Many modern CCTV installations use motion detection to record video footage onto a Digital Video Recorder (DVR). The technology is very useful reducing the amount of video images you need to record, it can be even used to alert you in real time to any potential intruders. However, as much as motion detection can be…
Many modern CCTV installations use motion detection to record video footage onto a Digital Video Recorder (DVR). The technology is very useful reducing the amount of video images you need to record, it can be even used to alert you in real time to any potential intruders. However, as much as motion detection can be a real benefit it can be a real problem if setup incorrectly. At best you’ll end up recording random video sequences which will quickly eat up your DVR storage capacity. At worst you’ll miss an intruder break into your property because the motion detection isn’t configured properly.
Setting up your motion detection camera depends on whether the motion detection software is built into the camera itself, or you are using the in built software on the DVR. As an example, many network cameras that communicate over I.P. networks have built in software to provide a variety of functions including motion detection. If you’ve bought a camera that just sends a video signal over a wired/wireless network, you’ll need to utilise the motion detection software on your DVR. The DVR itself can be a stand-alone box or a home P.C.
The easiest to configure out of all these options is the networked camera because you can access it from any P.C. on the same network. Furthermore, each camera is individually configured and self reliant (if one camera stops working it doesn’t affect the rest). A network camera can also be used to record images to a DVR and send/email images to a remote server. This means that if your DVR fails you will still get copies of your images either through email or on another remote P.C. Cameras that use the motion detection on the DVR are reliant on a single piece of software to run all cameras, if that fails then no images will be recorded. Furthermore, if the DVR itself fails then no images can be recorded.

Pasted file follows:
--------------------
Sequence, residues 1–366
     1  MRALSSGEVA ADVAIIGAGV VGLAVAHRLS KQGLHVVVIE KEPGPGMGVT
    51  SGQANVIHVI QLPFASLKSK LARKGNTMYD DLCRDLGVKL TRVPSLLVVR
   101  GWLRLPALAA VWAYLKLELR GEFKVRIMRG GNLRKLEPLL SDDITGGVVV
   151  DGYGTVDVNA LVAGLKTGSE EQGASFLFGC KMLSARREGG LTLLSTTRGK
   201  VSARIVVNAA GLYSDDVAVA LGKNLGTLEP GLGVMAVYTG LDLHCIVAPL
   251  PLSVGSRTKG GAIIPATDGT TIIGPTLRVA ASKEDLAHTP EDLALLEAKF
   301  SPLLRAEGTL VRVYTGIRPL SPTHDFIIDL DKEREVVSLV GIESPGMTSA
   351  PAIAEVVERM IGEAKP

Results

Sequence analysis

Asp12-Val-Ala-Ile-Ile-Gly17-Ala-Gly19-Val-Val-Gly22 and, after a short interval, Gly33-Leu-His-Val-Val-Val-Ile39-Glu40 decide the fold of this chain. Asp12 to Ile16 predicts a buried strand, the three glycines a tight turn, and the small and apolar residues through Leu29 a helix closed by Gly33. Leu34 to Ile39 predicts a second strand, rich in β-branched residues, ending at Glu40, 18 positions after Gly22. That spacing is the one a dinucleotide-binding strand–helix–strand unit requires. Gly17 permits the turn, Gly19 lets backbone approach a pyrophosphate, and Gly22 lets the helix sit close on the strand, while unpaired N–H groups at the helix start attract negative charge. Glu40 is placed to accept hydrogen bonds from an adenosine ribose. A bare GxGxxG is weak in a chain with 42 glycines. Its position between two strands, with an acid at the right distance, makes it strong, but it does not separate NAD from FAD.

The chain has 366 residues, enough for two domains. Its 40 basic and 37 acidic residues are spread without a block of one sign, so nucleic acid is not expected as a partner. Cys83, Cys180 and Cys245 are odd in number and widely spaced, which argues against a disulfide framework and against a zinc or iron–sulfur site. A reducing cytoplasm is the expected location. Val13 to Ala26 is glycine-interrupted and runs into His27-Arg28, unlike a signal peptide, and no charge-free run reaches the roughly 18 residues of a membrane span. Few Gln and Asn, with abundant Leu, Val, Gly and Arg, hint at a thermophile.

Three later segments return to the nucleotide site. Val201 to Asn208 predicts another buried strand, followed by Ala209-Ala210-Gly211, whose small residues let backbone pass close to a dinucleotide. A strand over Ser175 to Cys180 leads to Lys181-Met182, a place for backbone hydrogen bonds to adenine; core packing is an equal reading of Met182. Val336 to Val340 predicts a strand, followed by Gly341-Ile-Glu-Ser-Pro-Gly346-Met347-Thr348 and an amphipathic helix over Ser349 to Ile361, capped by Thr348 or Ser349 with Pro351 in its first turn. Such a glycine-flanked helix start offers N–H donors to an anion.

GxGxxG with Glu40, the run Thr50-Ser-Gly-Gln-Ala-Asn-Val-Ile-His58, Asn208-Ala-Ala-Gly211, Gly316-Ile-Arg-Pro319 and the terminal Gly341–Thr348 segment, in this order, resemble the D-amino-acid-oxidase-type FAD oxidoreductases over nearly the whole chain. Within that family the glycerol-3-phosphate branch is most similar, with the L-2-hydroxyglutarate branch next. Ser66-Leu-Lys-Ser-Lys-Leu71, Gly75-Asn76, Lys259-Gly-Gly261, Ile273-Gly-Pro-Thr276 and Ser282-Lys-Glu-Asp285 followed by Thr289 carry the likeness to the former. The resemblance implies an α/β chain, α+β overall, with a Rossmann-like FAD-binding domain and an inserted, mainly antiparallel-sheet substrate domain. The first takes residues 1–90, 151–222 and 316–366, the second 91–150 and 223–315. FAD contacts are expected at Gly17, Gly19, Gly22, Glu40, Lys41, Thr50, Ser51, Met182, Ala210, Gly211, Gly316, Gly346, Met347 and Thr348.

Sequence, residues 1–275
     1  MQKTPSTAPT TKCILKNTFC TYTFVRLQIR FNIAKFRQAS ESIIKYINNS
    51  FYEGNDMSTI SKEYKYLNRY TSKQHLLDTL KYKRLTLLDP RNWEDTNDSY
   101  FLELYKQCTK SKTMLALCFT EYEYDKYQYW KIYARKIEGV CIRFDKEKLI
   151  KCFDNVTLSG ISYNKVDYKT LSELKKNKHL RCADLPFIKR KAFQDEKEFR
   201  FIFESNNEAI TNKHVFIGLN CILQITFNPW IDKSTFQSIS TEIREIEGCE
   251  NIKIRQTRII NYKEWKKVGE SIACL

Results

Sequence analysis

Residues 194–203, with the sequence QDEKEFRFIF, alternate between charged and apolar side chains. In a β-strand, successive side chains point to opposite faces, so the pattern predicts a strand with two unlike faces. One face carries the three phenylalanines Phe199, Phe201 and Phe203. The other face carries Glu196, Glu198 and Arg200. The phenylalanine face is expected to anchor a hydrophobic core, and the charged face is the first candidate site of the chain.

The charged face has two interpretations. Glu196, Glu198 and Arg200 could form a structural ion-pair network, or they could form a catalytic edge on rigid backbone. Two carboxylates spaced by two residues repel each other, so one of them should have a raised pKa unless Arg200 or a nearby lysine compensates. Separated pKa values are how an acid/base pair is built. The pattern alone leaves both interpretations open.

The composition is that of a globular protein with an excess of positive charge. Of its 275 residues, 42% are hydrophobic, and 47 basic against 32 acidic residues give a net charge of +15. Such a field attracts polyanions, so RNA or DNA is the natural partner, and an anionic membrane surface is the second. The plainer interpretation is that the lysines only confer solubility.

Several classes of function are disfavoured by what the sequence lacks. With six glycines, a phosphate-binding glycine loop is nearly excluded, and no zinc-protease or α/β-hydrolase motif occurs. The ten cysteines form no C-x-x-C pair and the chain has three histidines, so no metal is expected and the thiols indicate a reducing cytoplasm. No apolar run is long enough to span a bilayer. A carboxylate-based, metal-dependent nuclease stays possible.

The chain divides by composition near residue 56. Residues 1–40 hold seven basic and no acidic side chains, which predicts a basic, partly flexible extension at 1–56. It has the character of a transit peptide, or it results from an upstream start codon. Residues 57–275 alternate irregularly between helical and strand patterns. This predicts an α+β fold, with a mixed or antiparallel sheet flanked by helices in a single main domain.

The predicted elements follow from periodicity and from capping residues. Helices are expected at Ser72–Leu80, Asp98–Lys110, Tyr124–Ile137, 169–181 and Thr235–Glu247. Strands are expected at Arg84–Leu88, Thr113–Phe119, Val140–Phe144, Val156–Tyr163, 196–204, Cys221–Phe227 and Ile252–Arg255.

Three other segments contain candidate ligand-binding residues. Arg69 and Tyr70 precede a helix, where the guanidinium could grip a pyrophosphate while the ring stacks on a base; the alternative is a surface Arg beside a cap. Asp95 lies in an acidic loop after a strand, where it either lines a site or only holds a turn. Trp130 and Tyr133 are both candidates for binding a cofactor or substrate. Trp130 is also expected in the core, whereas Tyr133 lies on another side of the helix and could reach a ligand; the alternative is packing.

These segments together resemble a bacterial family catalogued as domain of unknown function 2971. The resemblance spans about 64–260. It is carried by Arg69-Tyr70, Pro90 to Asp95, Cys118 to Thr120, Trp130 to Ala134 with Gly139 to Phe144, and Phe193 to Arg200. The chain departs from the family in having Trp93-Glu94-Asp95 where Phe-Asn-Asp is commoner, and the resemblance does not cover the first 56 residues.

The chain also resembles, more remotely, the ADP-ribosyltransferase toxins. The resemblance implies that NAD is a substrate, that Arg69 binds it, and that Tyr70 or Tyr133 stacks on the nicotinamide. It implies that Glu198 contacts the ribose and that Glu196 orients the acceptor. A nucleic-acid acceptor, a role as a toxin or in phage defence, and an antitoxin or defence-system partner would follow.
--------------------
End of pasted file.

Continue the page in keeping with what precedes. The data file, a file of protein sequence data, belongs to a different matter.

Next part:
Which ever configuration you choose the principle of setting up motion detection is generally the same. First, for each camera you’ll need to set up an area(s) in the image whereby motion is to be detected. Many interfaces use an image overlay of small squares/regions that can be selected and de-selected. Selecting a square means motion will be monitored from that image region and vice-versa. It’s important to consider which areas you select for detection. Think about the circumstances when you actually want to record images. For example, pointing your camera into a busy communal area will generate a lot of motion recordings, it’s often advisable in these circumstances to limit your motion regions to points of access to the room, i.e. doorways and windows. Outdoor cameras can often be more problematic:cameras pointing out onto the street can capture passers-by, tree’s moving in the wind can trigger detection and even rain on the lense can appear as motion. In truth, the solution to overcoming most of these problems is a combination of camera placement and motion detection configuration. Place cameras to maximise the view of important pathways and entrances that intruders will use to access your property. Minimize the number motion detection regions by selecting small areas that must be crossed to access your property.